Halloween in Spring: a Series. Samuel McIntire, Salem's Architect
|Portrait of Samuel McIntire, c. 1786, pastel portrait attributed to Benjamin Blyth (1746-1811) of Salem, Massachusetts. Courtesy of the Peabody Essex Museum, Salem, Massachusetts.|
NOTE: This series, "Halloween in the Spring," is based on the posts I wrote for my Halloween 2020 Take-Over of AHNCA's (Art Historians of Nineteenth Century Art) social media accounts. It's a jolly bit of writing and the inspiration for this blog. I've left the posts almost identical to the originals to preserve the rollicking tone; however, I've added links to the original sources, museum websites, or other information you, dear reader, might find interesting. Without further ado, it's time to celebrate Halloween in the springtime!
Since we’re already in Salem we might as well explore the town. As you know, Salem is known for the infamous Salem Witch Trials of 1692, but did you know that Salem is also known for its maritime history? After the Revolutionary War, Salem experienced immense prosperity thanks to shipping, ship building, and worldwide trade. All this resulted in the construction of many mercantile mansions and fine homes, some of which were built by Salem’s own carpenter-architect, Samuel McIntire (1752-1811).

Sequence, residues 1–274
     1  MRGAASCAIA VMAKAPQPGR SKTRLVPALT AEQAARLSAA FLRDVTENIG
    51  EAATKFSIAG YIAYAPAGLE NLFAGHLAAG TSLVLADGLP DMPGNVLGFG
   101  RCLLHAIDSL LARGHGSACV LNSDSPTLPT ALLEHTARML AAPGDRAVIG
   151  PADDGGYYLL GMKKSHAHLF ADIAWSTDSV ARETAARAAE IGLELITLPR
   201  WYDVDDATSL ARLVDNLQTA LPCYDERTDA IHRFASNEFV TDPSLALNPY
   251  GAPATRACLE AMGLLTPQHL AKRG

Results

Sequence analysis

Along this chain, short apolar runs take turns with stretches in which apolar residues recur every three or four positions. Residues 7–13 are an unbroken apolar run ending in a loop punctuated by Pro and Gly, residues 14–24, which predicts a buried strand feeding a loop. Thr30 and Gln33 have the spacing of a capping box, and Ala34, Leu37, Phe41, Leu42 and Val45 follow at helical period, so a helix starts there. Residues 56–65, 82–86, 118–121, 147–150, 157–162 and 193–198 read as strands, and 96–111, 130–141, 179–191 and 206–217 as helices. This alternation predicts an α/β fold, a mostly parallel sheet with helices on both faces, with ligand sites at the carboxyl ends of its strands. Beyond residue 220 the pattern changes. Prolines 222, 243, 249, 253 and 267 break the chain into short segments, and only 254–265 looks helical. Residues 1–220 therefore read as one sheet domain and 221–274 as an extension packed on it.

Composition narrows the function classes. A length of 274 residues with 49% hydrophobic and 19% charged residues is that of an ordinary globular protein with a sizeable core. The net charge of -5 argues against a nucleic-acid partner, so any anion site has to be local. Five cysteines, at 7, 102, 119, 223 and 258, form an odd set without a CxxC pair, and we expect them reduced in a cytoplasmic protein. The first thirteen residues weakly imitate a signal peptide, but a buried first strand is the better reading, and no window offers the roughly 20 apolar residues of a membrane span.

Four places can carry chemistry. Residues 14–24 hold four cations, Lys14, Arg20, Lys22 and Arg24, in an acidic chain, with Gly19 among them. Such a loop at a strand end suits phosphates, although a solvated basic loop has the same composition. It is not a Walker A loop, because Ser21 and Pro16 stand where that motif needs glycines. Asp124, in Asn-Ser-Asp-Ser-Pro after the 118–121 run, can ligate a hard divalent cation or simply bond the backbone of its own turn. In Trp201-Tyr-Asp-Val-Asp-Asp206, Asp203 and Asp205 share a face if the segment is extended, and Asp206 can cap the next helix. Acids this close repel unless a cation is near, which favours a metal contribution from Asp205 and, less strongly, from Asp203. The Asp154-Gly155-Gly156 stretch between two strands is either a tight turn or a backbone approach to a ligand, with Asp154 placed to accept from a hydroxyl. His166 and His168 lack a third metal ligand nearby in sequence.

|Peirce-Nicholas House (1782)|
McIntire was a master carpenter, carver, and self-taught, "amateur" architect. His early plans, like those for his first commission, the Peirce-Nicholas House (1782), represent the transition from Georgian to Federalist architecture. The Gardner-Pingree House (1810) is demonstrative of a fully mature Federalist style, in which McIntire incorporated Adamesque Neoclassicism. This particular house was influenced by Charles Bulfinch’s 1st Harrison Gray Otis House in Boston. McIntire was hired by one of Salem’s most prosperous merchants, Elias Hasket Derby, to build a number of dwellings, including the Benjamin Hawkes House (1780, 1800). In addition to private dwellings, McIntire designed public halls and buildings like Hamilton Hall (1805).
|Gardner-Pingree House (1810)|
What does this have to do with Halloween? Well, we’re in Salem! Salem takes Halloween quite seriously and the entire month of October is one, big Halloween Party called Haunted Happenings. Just being here this close to October 31 is spine-tingling!!!
|Benjamin Hawkes House (1780, 1800)|
For more information about the McIntire Historic District: https://www.pem.org/visit/historic-houses/mcintire-historic-district
|Hamilton Hall (1805)|
Portrait of Samuel McIntire, c. 1786, pastel portrait attributed to Benjamin Blyth (1746-1811) of Salem, Massachusetts. Courtesy of the Peabody Essex Museum, Salem, Massachusetts.Fletcher6, Pierce-Nicholas House; Stephen Phillips House; Hamilton Hall; . CC BY-SA 3.0 <https://creativecommons.org/licenses/by-sa/3.0>, via Wikimedia Commons
Daderot at en.wikipedia, Benjamin Hawkes House. CC BY-SA 3.0, https://commons.wikimedia.org/w/index.php?curid=18002975
Elizabeth B. Thomsen, GardnerPingree House. CC BY-SA 4.0 <https://creativecommons.org/licenses/by-sa/4.0>, via Wikimedia Commons